Among my many uni first years I luckily included a year of Philosophy which, for me at least, provides a way into understanding this wonderful first novel. A Wrong Turn at the Office of Unmade Lists (2013) sets out as pure near-future dystopian SF and morphs into something much more interesting and original.

Rawson makes clear from the beginning that our heroine, Caddy, is in a state of despair at the loss of her home “down by the dirty river, their neighbours a cluster of gigantic, carefully-lettered oil holding tanks”, her cat and her husband Harry. One day when Caddy has ridden her bike into town, a fire breaks out near the tanks, the power supply and therefore the water pressure fail and “[s]he felt the whole earth shake when the tanks went up. She thought it was a terrorist bomb down at the train station, though there’d been nothing like that since 2014.” Caddy heads back towards the fire, “Harry would need her” but “[t]he trees were on fire along the edge of Footscray Road, and by the time she had reached within a kilometre of home there was nothing but black”.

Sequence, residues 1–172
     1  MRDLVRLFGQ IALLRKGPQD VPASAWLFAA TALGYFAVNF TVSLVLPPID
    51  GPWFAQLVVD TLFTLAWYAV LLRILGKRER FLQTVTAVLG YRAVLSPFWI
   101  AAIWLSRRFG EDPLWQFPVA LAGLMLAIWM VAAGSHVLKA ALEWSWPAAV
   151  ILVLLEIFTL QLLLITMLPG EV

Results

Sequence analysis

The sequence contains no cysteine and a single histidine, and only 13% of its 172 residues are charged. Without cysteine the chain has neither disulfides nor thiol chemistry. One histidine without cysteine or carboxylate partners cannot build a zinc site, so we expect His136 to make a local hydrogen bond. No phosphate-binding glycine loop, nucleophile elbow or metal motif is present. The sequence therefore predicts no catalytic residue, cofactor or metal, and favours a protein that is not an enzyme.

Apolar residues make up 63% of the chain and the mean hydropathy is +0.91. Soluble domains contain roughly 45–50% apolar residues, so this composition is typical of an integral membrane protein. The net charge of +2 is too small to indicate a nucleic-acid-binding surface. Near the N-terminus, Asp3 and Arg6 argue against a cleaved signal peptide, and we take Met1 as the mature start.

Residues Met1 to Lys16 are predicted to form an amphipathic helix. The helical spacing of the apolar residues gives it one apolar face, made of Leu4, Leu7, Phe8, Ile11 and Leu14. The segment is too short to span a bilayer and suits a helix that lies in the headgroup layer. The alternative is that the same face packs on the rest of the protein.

And so, in a couple of pages we are located in time, the near future, in space, the inner western suburbs of Melbourne, and in atmosphere, a time of failing infrastructure, of rising temperatures, and of a growing and displaced underclass.

Caddy lives in a humpy on the banks of the river near Newmarket – and it is one of the joys of reading a novel set in your own home town that the locations are so easy to visualise – supporting herself through prostitution and small scale bartering. There is only a small central cast, all friends of, or at least with Caddy, Ray who buys and sells stuff including his friends, Jason, a street kid, Peira who runs an inner city bar, Lanh, an internet entrepreneur, and Sergeant Fisk from the UN relief force (ie. Melbourne is a place which needs help). Caddy moves through the underside of the city, buying and selling and being sold, becomes ill, finds that the river has flooded and washed away her humpy, and is assisted by Fisk, to whom she finds she is strangely attracted.